Project Veritas has released a lengthy new video report that features tactics similar to those used in past investigations -- individuals posing as criminals seeking aide and advice from officials who should know better.
But should the tactics used in the video be considered ethical? The Blaze has published reports critical of James O'Keefe's past investigations. Does this new investigation fare any better?
The attention-grabbing scenario this time involves young men posing as Russian drug dealers. They claim to drive a wildly expensive sports car with a gold-plated engine. Their theoretical sisters are part of the family operation trading sex for drugs. The men seek help from a Medicaid office in Ohio. And if past patterns hold true...look for more videos in coming days from additional encounters in other locations.
The Blaze team will be certainly be looking at the report in detail, but there are initial questions and concerns to consider as you watch the video.
As a refresher you might want to look at the in-depth look at undercover investigations that we posted in March. Click here.
And you can click here to read the detailed report that Pam Key and I published at the time examining the problems with the Project Veritas video involving NPR fundraising.
The key questions involve the ethics of telling lies in an attempt to reveal truths.
Is it okay to tell any lie if it creates an outcome that you find enlightening or amusing?
Would it be okay if one of your ideological opponents did the same thing? If George Soros and Media Matters sent interns posing as conservatives to work at the Fox News Channel so that they could record reporters, editors and hosts saying embarrassing thing in unguarded moments -- would that be okay?
The video begins with a presentation of "facts" about the men involved. But none of it is true. It's a fictitious scenario cooked up for the camera. The men have no actual sisters selling sex.
And there is a great deal that we don't know about the circumstances and the outcomes -- were applications even filed? We have contacted officials in Ohio who are looking into the matter.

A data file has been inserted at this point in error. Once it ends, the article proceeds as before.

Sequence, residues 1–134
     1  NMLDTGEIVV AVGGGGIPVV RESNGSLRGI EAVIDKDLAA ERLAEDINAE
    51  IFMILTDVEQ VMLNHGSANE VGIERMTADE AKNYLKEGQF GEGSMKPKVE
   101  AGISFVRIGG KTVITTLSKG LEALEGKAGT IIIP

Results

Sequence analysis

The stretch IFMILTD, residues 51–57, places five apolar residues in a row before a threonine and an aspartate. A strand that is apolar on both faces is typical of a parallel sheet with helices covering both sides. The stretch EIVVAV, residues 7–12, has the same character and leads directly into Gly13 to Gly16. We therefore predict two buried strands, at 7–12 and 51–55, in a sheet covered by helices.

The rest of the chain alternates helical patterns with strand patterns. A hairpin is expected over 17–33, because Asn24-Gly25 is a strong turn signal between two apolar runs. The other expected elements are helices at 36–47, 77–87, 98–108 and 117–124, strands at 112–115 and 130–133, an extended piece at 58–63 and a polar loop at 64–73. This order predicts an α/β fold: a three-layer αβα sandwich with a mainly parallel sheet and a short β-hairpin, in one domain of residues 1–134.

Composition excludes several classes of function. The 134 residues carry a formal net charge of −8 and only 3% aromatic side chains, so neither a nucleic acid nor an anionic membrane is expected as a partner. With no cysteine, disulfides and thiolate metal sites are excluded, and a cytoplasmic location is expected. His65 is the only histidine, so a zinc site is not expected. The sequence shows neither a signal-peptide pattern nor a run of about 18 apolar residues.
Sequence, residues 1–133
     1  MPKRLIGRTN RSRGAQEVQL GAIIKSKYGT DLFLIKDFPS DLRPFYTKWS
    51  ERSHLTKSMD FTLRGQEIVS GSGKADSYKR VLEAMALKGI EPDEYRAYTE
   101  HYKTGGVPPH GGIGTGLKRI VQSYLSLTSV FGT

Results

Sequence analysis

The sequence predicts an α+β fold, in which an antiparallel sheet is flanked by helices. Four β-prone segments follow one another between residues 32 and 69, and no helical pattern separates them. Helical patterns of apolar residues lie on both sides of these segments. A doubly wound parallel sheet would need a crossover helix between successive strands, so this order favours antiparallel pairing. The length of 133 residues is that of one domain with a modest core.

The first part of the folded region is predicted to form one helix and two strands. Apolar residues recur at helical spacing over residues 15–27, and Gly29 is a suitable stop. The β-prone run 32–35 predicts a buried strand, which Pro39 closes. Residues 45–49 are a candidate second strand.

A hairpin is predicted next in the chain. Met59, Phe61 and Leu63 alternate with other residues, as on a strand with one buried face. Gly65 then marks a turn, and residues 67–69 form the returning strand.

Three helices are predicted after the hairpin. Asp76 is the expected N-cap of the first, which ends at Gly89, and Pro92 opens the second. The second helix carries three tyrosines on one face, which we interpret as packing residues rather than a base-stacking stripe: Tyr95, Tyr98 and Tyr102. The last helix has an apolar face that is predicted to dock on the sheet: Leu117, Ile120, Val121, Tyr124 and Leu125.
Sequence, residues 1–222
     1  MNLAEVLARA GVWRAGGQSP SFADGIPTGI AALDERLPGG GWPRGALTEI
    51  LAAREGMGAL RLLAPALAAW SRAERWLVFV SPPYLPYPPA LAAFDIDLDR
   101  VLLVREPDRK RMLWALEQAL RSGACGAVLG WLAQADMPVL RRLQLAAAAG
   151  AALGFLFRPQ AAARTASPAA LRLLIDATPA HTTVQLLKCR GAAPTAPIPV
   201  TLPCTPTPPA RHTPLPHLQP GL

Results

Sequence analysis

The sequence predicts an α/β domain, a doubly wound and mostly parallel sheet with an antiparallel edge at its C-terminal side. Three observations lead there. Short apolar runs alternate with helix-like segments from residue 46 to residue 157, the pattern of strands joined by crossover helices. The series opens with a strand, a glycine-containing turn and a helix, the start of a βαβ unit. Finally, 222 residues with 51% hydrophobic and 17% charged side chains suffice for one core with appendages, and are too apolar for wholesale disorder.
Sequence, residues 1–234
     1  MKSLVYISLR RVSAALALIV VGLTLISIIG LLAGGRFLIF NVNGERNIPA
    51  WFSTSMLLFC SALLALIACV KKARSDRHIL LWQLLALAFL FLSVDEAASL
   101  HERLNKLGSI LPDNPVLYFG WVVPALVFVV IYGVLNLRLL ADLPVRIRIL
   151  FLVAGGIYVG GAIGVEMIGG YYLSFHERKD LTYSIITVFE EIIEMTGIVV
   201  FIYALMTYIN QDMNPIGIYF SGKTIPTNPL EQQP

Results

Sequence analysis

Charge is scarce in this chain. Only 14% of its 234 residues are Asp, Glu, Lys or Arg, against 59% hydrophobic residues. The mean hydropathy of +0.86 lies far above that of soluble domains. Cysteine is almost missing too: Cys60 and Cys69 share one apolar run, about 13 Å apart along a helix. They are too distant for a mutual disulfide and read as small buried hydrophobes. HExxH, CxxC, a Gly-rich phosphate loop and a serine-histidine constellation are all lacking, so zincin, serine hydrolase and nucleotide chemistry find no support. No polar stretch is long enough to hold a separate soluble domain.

I'm pretty sure Medicaid workers, of varying skills and judgement, deal with all kinds of nut cases in the course of routine business. It's not a stretch to think that an average worker suddenly confronted with men claiming to be Russian drug dealers might be justifiably nervous about the safety and circumstances and might feel it wise to say anything the quickly wrapped up the meeting! The worker might plan to contact authorities or trash the application afterwards....even if they said helpful things during the meeting.
I'm sure this video and any others to come will show workers saying and doing egregious things.
But is it okay to create a lie to trigger that?
Many conservatives will say yes and cheer the exposure of seemingly corrupt bureaucrats.
Would it be okay to create a fictitious scenario that would sexually humiliate an innocent young woman, simply for the purpose of making fun of the media?
These are serious questions to consider.
The Weekly Standard's Fred Barnes told The Blaze back in March, “It‘s dishonest for anyone in journalism to pretend to be someone they’re not.” Barnes sort of gives O'Keefe a pass, though, calling him more of a political hit man than a journalist. O'Keefe does describe himself as journalist, however.
Conservatives are understandably gladdened by any embarrassment to befall ACORN, or NPR and now Medicaid. But principled conservatives are wise to soberly grapple with the implications of the tactics employed.
I've taught seminars on media ethics for twenty years. Long enough to know that each case presents many facets that must be considered. And long enough to know that undercover investigations can be powerful and valuable -- but they must be executed in as ethical manner as possible.
With that....here's the video: